The recitatives that Messager composed to replace the spoken dialogue are extensive (unlike the super-concise ones that Ernest Guiraud created for Carmen) and beautifully worked out, making savvy use of motives from Saint-Saëns’s musical numbers. This is clearly the same composer whose alertness to character and drama are evident in Madame Chrysanthème, which had been performed for the first time just a few months before, or in his 1897 operetta Les p’tites Michu (see my review in the scholarly journal Nineteenth-Century Music Review).
I was often a bit unclear where a recitative ended and the next number began. The Bru Zane folks added to my confusion. Nearly every track starts with a recitative (by Messager) and flows into the aria, two-strophe song, brief duet, or whatever (by Saint-Saëns), making it impossible to jump to any given number that Saint-Saëns wrote. Worse, the track list prints the first words of each recitative, omitting the title of the subsequent number!
We could still use a recording with spoken dialogue between the numbers. But whatever record company tries this will need an all-French cast to do justice to the tightly worded and subtly witty spoken dialogue, as this cast does to Messager’s recitatives. Or else commission a witty translation, in the language of the cast.
A sharply characterized French radio broadcast from 1960 can be heard on YouTube, starring the stupendous Denise Duval (Poulenc’s favorite singer), but it largely jumps from one Saint-Saëns number to the next, making the story impossible to follow, despite the occasional clarification by a well-intentioned narrator.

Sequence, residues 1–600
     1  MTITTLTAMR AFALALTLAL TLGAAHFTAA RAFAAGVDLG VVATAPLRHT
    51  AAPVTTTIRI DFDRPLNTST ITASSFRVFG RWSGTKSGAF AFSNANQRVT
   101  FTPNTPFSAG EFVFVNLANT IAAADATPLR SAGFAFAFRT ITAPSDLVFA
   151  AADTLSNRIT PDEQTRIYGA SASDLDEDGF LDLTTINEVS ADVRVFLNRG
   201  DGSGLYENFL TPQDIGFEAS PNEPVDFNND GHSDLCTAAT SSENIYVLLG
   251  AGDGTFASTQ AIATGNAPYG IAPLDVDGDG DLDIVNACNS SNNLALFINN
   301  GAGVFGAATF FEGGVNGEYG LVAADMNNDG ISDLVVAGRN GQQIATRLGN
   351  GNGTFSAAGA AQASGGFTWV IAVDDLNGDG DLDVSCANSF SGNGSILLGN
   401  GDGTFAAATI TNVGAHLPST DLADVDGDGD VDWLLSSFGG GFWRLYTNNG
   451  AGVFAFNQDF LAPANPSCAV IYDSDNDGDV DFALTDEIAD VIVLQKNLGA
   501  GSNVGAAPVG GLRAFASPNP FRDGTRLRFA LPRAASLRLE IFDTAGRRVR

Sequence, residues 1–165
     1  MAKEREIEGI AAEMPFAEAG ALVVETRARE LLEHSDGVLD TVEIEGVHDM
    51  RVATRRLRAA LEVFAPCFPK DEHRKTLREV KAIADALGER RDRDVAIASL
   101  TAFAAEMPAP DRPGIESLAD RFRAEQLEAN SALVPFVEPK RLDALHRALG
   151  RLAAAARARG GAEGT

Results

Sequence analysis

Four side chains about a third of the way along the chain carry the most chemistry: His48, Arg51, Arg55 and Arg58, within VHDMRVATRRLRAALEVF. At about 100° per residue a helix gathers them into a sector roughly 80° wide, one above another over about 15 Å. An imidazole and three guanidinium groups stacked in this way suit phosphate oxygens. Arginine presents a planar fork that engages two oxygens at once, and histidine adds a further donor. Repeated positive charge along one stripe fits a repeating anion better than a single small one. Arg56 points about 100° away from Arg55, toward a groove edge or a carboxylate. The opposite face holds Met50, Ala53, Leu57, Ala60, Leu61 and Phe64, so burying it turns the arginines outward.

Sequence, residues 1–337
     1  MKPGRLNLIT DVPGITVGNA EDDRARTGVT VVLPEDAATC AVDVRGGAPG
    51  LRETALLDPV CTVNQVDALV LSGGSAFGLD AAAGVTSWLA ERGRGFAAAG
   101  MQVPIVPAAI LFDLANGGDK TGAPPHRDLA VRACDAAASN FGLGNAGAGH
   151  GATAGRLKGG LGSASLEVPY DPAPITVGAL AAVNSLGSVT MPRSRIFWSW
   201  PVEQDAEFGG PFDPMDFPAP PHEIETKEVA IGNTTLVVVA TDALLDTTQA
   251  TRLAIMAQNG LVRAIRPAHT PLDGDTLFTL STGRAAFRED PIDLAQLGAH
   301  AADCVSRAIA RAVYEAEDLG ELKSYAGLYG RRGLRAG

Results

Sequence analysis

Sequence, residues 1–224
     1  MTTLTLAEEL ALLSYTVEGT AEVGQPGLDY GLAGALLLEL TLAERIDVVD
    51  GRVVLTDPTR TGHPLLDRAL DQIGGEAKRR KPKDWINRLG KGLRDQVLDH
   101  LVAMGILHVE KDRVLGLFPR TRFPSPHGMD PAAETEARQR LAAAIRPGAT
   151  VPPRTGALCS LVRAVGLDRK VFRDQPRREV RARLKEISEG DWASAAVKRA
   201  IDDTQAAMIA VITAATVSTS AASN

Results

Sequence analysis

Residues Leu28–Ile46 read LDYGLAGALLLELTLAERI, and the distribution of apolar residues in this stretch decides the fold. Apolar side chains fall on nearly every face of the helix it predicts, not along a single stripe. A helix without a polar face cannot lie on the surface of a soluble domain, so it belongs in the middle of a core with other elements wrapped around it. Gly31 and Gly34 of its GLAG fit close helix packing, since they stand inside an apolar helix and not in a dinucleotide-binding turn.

In the meantime, here we have the all-sung version of one of Saint-Saëns’s most remarkable scores—for the first time ever, with many minutes of equally delectable Saint-Saëns-inspired Messager. For which all lovers of French music should thank the devoted scholars and organizers at the Palazzetto Bru Zane!
And, to close, a suggestion to organizers of opera festivals and college opera companies: two or three short works can be grouped together to make a diverse and diverting afternoon or evening. I’m imagining Saint-Saëns’s Phryné as the sparkling final item after, say, Granados’s passionate Goyescas and Menotti’s disturbing The Medium (or Rimsky-Korsakov’s eerie Mozart and Salieri).
Ralph P. Locke is emeritus professor of musicology at the University of Rochester’s Eastman School of Music. Six of his articles have won the ASCAP-Deems Taylor Award for excellence in writing about music. His most recent two books are Musical Exoticism: Images and Reflections and Music and the Exotic from the Renaissance to Mozart (both Cambridge University Press). Both are now available in paperback; the second is also an e-book. Ralph Locke also contributes to American Record Guide and to the online arts-magazines New York Arts, Opera Today, and The Boston Musical Intelligencer. His articles have appeared in major scholarly journals, in Oxford Music Online (Grove Dictionary), and in the program books of major opera houses, e.g., Santa Fe (New Mexico), Wexford (Ireland), Glyndebourne, Covent Garden, and the Bavarian State Opera (Munich). The present review first appeared in American Record Guide and appears here with kind permission.